Commercial navigation of the Great Lakes, curiously enough, first assumed importance in the least accessible portion. The Hudson Bay Company, always extending its territory toward the northwest, sent its bateaux and canoes into Lake Superior early in the seventeenth century. To accommodate this traffic the company dug a canal around the falls of the St. Marie River, at the point we now call "the Soo." In time this pigmy progenitor of the busiest canal in the world, became filled with débris, and its very existence forgotten; but some years ago a student in the thriving town of Sault Ste. Marie, poring over some old books of the Hudson Bay Company, noticed several references to the company's canal. What canal could it be? His curiosity was aroused, and with the aid of the United States engineers in charge of the new improvements, he began a painstaking investigation. In time the line of the old ditch was discovered, and, indeed, it was no more than a ditch, two and a half feet deep, by eight or nine wide. One lock was built, thirty-eight feet long, with a lift of nine feet. The floor and sills of this lock were discovered, and the United States Government has since rebuilt it in stone, that visitors to the Soo may turn from the massive new locks, through which steel steamships of eight thousand tons pass all day long through the summer months, to gaze on the strait and narrow gate which once opened the way for all the commerce of Lake Superior. But through that gate there passed a picturesque and historic procession. Canoes spurred along by tufted Indians with black-robed Jesuit missionaries for passengers; the wooden bateaux of the fur traders, built of wood and propelled by oars, and carrying gangs of turbulent trappers and voyageurs; the company's chief factors in swift private craft, making for the west to extend the influence of the great corporation still further into the wilderness, all passed through the little canal and avoided the roaring waters of the Ste. Marie. It was but a narrow gate, but it played its part in the opening of the West.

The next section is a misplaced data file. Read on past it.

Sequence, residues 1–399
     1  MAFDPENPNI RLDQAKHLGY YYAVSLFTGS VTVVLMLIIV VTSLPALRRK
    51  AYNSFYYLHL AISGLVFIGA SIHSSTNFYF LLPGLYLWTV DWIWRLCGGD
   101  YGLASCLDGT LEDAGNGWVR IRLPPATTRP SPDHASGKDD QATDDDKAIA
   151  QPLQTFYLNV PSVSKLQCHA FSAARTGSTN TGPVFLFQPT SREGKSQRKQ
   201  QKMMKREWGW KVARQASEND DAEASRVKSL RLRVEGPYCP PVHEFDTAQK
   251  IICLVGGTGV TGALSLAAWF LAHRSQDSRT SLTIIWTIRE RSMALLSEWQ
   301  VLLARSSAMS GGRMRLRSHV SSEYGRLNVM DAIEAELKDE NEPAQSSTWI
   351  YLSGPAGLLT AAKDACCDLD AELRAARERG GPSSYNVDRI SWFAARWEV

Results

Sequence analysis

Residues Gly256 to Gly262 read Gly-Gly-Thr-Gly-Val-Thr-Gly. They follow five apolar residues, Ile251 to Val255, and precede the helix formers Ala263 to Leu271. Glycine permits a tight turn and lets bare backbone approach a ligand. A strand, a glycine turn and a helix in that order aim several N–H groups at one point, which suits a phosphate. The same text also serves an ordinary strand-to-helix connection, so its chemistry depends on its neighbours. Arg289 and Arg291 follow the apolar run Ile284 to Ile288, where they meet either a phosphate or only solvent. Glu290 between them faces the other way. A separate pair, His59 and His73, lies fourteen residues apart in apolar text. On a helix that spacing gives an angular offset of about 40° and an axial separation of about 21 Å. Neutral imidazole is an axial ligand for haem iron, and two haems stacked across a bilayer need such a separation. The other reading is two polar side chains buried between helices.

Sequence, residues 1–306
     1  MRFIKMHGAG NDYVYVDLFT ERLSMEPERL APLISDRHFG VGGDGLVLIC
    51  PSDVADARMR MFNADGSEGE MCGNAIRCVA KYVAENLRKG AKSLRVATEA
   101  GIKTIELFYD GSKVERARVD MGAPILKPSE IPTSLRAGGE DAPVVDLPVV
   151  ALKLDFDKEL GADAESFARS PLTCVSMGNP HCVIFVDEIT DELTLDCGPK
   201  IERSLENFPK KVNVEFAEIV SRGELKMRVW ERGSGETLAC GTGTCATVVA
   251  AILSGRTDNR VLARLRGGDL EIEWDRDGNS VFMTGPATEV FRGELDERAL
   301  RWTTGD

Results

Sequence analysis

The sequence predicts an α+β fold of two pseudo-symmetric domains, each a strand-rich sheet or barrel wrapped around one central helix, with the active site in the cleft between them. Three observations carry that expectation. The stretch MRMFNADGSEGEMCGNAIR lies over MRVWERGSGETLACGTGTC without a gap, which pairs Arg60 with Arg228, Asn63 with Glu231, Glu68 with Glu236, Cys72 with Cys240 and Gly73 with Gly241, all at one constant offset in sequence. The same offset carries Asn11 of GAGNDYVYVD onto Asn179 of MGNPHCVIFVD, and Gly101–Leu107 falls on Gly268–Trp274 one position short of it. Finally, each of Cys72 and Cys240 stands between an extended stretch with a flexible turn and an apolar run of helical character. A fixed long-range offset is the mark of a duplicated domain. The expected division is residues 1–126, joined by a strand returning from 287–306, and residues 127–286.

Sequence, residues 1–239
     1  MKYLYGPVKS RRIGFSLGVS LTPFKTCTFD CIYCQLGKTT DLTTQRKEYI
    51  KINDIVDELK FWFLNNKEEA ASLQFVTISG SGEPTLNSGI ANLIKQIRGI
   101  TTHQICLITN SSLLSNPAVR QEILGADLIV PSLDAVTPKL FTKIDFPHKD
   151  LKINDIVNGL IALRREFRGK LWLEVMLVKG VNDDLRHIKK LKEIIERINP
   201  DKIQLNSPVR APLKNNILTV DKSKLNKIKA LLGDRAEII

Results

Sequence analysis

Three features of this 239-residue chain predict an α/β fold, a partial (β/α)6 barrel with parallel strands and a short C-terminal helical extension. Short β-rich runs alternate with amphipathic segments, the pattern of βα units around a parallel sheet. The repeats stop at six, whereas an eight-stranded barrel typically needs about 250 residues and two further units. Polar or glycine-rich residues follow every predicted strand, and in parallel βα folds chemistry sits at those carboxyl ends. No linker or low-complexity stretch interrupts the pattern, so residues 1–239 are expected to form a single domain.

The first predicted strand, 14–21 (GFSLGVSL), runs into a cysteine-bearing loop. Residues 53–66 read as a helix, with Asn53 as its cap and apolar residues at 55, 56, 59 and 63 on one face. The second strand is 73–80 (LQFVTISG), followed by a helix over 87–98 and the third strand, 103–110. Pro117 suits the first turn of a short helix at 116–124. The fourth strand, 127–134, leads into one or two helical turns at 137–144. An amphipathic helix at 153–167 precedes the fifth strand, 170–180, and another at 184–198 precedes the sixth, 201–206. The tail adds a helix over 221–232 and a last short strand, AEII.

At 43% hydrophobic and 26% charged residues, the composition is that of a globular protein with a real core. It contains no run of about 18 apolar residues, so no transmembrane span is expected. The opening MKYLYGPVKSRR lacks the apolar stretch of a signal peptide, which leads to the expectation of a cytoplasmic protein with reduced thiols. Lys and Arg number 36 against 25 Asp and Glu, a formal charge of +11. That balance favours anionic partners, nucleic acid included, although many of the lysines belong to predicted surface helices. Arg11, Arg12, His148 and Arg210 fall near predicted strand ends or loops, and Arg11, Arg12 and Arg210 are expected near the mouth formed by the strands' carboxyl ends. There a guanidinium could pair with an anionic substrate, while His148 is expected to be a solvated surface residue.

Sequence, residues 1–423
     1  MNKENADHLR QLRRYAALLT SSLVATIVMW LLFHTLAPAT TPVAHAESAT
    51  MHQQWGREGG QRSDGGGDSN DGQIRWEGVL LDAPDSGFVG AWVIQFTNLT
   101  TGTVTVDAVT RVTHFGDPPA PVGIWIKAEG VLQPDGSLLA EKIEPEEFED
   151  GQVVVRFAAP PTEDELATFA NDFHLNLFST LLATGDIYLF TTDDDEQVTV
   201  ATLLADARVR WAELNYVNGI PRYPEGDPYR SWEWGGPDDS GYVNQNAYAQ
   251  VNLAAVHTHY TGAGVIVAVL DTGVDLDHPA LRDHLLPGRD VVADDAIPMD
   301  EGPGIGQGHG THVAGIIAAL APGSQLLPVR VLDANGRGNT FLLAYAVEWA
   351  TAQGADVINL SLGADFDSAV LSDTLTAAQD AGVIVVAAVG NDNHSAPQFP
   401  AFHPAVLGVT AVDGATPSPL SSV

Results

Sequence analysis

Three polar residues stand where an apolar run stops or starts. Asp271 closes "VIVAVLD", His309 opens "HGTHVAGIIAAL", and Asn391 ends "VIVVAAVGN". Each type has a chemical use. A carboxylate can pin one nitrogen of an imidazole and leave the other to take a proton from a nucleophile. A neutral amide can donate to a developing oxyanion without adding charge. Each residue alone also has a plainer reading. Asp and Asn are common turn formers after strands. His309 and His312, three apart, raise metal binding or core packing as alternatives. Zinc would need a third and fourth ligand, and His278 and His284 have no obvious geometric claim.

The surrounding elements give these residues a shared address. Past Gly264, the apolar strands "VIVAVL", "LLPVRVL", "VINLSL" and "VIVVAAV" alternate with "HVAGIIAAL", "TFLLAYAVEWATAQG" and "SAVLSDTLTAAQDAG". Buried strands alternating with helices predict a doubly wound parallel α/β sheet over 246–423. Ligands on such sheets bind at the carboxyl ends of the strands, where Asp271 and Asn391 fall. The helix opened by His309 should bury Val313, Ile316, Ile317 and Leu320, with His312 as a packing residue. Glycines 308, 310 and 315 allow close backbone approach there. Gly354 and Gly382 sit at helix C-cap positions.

War, which is responsible for most of the checks to civilization, whether or not it may in some instances advance the skirmish line of civilized peoples, destroyed the pioneer canal. For in 1812 some Americans being in that part of the country, thought it would be a helpful contribution to their national defense if they blew up the lock and shattered the canal, as it was on Canadian soil. Accordingly this was done, of course without the slightest effect on the conflict then raging, but much to the discomfort and loss of the honest voyageurs and trappers of the Lake Superior region, whose interest in the war could hardly have been very serious.